abstract = "Background: The correlation between obesity and metabolic syndrome (MetS) and its impact on cardiovascular disease remains unclear. This study aims to investigate the impact of metabolic status and obesity on clinical outcomes of male patients with ST-segment elevation myocardial infarction (STEMI). Methods: Data from the Korea Acute Myocardial Infarction Registry-National Institutes of Health registry were used to evaluate the impact of obesity and MetS on patients undergoing primary percutaneous coronary intervention (PPCI) from November 2005 to November 2015. Patients were grouped according to the presence or absence of obesity and MetS (‘obese−/MetS−’, ‘obese−/MetS+’, ‘obese+/MetS−’, or ‘obese+/MetS+’, respectively). All-cause death and major adverse cardiac events (MACE) were recorded during 12 months of follow-up. Results: A total of 14,357 patients were included. Multivariate analysis showed that the presence of MetS was an independent risk factor for all-cause death (HR 2.08, 95{\%} CI 1.30–3.31, p = 0.002) and cardiovascular death (HR 2.44, 95{\%} CI 1.33–4.46, p = 0.004) at 12 months among normal weight patients. The protective effect of obesity was observed, compared with the obese−/MetS+ group, in terms of all-cause death (HR 0.50, 95{\%} CI 0.31–0.81, p = 0.005) and cardiovascular death (HR 0.52, 95{\%} CI 0.28–0.96, p = 0.038; vs. total obese individuals), but it might have disappeared compared with the obese−/MetS− group. The rate of MACE did not differ significantly according to category by obesity and MetS. Conclusions: The obesity paradox has not been observed between obese and normal weight patients without MetS. Risk stratification on the basis of the presence or absence of MetS is not a clinically useful indicator of outcome in obese male patients with STEMI after PPCI.",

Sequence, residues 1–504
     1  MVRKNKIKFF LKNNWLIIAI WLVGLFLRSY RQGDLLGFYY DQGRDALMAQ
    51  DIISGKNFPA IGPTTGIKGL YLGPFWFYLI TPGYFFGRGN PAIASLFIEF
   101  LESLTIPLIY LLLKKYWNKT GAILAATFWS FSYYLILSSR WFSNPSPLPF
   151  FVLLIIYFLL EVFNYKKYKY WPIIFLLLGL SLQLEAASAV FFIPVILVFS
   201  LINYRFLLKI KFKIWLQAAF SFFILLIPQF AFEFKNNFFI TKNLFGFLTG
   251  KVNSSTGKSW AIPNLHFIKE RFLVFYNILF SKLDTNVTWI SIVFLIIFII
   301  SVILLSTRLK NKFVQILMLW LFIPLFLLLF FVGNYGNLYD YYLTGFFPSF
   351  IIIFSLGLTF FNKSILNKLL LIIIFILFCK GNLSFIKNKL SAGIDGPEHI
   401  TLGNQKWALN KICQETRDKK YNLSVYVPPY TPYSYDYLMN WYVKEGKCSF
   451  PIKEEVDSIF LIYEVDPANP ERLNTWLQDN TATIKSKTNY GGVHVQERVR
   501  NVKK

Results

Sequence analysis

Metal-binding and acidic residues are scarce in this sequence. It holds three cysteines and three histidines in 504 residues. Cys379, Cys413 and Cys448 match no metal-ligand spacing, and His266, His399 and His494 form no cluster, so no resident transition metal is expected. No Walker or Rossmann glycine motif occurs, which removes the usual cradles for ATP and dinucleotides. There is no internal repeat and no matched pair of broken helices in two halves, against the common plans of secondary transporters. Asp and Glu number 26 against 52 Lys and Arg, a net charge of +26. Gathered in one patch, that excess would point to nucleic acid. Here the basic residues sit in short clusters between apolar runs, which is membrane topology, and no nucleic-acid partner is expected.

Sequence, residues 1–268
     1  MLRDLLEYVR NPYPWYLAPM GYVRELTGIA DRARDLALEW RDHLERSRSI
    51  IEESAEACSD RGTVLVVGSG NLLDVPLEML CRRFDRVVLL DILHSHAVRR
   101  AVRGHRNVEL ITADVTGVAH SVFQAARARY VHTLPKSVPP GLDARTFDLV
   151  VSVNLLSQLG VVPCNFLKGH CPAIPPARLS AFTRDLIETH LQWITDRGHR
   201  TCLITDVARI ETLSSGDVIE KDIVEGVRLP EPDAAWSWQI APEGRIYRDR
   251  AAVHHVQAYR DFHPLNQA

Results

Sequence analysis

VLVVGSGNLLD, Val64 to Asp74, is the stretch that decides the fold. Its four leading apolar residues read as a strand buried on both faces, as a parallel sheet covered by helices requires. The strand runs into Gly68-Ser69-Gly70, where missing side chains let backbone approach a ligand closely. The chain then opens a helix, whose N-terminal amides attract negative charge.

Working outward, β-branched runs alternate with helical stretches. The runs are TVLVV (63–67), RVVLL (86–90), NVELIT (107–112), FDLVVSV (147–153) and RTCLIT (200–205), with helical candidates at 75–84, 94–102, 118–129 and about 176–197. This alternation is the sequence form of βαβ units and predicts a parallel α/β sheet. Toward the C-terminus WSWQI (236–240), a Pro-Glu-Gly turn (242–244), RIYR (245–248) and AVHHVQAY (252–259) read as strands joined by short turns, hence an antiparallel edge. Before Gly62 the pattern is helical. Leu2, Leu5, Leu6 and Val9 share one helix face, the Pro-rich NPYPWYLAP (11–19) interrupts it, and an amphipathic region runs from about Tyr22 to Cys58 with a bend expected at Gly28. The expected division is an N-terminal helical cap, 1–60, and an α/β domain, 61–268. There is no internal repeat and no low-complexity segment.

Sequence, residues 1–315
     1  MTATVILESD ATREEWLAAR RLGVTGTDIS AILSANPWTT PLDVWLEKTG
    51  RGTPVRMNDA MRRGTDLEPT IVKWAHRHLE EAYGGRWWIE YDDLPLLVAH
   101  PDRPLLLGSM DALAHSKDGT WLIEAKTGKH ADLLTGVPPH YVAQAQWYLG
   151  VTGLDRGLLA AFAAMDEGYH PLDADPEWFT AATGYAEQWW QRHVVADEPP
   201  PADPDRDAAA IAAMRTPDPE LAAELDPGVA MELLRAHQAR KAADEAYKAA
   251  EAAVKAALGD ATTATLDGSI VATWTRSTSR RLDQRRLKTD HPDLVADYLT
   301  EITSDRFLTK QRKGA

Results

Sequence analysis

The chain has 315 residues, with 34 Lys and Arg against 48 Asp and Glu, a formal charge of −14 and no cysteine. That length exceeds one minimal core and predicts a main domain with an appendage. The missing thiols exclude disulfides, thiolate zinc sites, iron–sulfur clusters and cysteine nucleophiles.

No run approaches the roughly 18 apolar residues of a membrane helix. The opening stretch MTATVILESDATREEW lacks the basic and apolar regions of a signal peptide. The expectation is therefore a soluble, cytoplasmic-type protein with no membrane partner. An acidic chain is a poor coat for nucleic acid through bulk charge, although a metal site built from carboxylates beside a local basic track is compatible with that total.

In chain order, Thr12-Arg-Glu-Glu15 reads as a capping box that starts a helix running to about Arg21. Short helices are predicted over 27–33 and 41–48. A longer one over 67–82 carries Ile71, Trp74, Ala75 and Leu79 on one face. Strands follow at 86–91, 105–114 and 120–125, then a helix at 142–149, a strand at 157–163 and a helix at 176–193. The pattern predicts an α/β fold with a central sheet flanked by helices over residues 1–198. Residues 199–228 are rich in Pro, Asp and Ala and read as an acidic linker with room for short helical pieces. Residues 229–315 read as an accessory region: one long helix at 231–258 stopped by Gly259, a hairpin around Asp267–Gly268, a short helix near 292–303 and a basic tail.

keywords = "Metabolic syndrome, Myocardial infarction, Obesity, Prognosis",
author = "{Other Korea Acute Myocardial Infarction Registry (KAMIR) investigators} and Lee, {Seung Hun} and Jeong, {Myung Ho} and Kim, {Ju Han} and Kim, {Min Chul} and Sim, {Doo Sun} and Hong, {Young Joon} and Youngkeun Ahn and Chae, {Shung Chull} and Seong, {In Whan} and Park, {Jong Sun} and Chae, {Jei Keon} and Hur, {Seung Ho} and Cha, {Kwang Soo} and Kim, {Hyo Soo} and Gwon, {Hyeon Cheol} and Seung, {Ki Bae} and Seung-Woon Rha",
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language = "English",
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AU - Other Korea Acute Myocardial Infarction Registry (KAMIR) investigators

AU - Lee, Seung Hun

AU - Jeong, Myung Ho

AU - Kim, Ju Han

AU - Kim, Min Chul

AU - Sim, Doo Sun

AU - Hong, Young Joon

AU - Ahn, Youngkeun

AU - Chae, Shung Chull

AU - Seong, In Whan

AU - Park, Jong Sun

AU - Chae, Jei Keon

AU - Hur, Seung Ho

AU - Cha, Kwang Soo

AU - Kim, Hyo Soo

AU - Gwon, Hyeon Cheol

AU - Seung, Ki Bae

AU - Rha, Seung-Woon

PY - 2018/1/1

Y1 - 2018/1/1